Category: Scripting

1)Copy the following code(from <html> to </html> including the two of them as well) as it is and paste it in your notepad….

2)Save it with the name  Game.html

NOTE: Save  it with a     “.html”  and NOT  “.txt:

CODE :starts from the next line


<h2>Try to put all the pieces in alphabetical order, ‘A’ through ‘O’. Awesome!</h2>

<form name=pad>
<table border=2 cellpadding=2 cellspacing=2>
<td colspan=4 align=center>Shift It 4×4 Game</td>


<!– Original: Rohan –>
<!– Web Site: http://Technebula –>

<!– Begin
bx=3; by=3;
for (y=0;y<4;y++)

for (x=0;x<4;x++)
document.write(‘<td><tt><input type=button value=” ” ‘);

function move(x,y)

if (((ax*ay)==0)&&((ax+ay)==1)) {
f.elements[4*y+x].value=” “;
bx=x; by=y; f.msg.value++;
function rndize() {
for (i=0;i<16;i++)
while (document.pad.elements[4*y+x].value!=” “)
// End –>

<td colspan=4><input type=text size=20 name=msg></td>
<a href=””><h2>Play more games online</h2>

Those of us who do a lot of work in the security world have come to realize that there is a ton of cross site scripting (XSS) out there. 80% of dynamic sites (or more) suffer from it. But how many sites allow you to do HTML file uploads comparatively? It’s a much smaller amount, and typically requires some sort of login before you’re allowed to do it. Often times it’s protected by login too, so it’s a relatively small amount of people who could be impacted by any sort of HTML file upload. But that is precisely what’s needed to mount a clickjacking attack (usually one or two pages). Either the attacker has to rent space in the cloud with a stolen credit card, or find some parasitic hosting somewhere.

That’s when I got to thinking… how can you use any old generic reflected XSS attack to mount a clickjacking attack? A few hours later I had a prototype that worked. Here’s how the attack would work. Let’s say a parameter like “search” was vulnerable to reflected XSS. An attacker could do something like:<script>eval(location.hash.slice(1))</script>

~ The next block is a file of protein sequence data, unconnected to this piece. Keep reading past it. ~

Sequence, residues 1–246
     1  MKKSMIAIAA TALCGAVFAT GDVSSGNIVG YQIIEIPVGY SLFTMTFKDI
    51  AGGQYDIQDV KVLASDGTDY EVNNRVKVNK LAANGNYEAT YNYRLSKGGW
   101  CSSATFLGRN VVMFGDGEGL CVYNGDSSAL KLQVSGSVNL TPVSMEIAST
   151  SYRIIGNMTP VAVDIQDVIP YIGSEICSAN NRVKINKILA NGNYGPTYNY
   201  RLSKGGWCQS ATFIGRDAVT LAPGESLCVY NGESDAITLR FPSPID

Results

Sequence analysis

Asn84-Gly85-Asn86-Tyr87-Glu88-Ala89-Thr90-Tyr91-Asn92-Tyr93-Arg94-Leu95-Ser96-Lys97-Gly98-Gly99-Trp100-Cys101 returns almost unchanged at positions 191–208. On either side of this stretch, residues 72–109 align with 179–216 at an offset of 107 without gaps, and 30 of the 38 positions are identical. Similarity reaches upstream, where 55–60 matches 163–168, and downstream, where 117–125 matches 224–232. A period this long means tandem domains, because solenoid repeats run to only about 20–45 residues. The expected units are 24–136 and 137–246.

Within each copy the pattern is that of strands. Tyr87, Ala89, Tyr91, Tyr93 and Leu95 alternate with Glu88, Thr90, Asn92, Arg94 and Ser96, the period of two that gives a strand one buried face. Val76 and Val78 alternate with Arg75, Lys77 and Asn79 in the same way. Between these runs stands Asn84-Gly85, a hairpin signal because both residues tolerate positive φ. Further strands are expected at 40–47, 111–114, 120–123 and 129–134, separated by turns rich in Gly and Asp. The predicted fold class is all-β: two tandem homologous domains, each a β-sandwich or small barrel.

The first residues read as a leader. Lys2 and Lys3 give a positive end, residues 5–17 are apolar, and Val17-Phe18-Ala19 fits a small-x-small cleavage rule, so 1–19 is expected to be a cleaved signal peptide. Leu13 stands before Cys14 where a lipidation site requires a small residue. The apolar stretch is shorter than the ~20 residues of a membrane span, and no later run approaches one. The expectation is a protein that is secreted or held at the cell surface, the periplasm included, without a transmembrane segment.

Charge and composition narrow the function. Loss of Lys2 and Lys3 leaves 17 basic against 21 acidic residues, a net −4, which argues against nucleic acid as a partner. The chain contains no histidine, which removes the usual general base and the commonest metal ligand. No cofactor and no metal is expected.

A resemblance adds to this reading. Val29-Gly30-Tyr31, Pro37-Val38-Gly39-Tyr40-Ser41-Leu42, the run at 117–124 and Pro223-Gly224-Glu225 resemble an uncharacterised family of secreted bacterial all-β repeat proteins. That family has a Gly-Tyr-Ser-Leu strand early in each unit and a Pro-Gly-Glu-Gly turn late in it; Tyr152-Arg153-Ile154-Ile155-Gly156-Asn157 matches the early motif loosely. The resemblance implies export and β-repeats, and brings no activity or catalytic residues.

This is an old trick that basically says anything that falls into the anchor tag is what the attacker wants to run as the attack. Anchor tags are not sent to the server, they are only seen on the client. So this effectively turns the reflected XSS into a DOM based XSS, which leaves less of a signature on the server as well, incidentally. Then the attacker’s anchor payload would look something like this (this works only in Firefox):<script>eval(location.hash.slice(1))</script>#a=document.body.appendChild(document.createElement(“iframe”));a.d=a.contentDocument;;i=a.d.createElement(“iframe”);;;;”absolute”;”hidden”;;;;;;i.src=”;;a.d.body.appendChild(i);function followmouse(e){xcoord=ycoord=40;xcoord+=e.pageX-50;ycoord+=e.pageY-50;;;}document.onmousemove=followmouse;

So you have a reflected XSS on that instantiates a DOM based XSS which instantiates a clickjacking attack against Obviously you’d need to modify this to actually fit the right coordinates and work in other browsers, but this could easily be used to leverage the attack in situations where an attacker might not be able to otherwise. For instance, if the clickjacking defenses only care about the referrer and the referrer is on the correct domain just a different sub-domain, that could be used to bypass it – and so on. Anyway, I thought some people might think this is interesting. Happy penetration testing!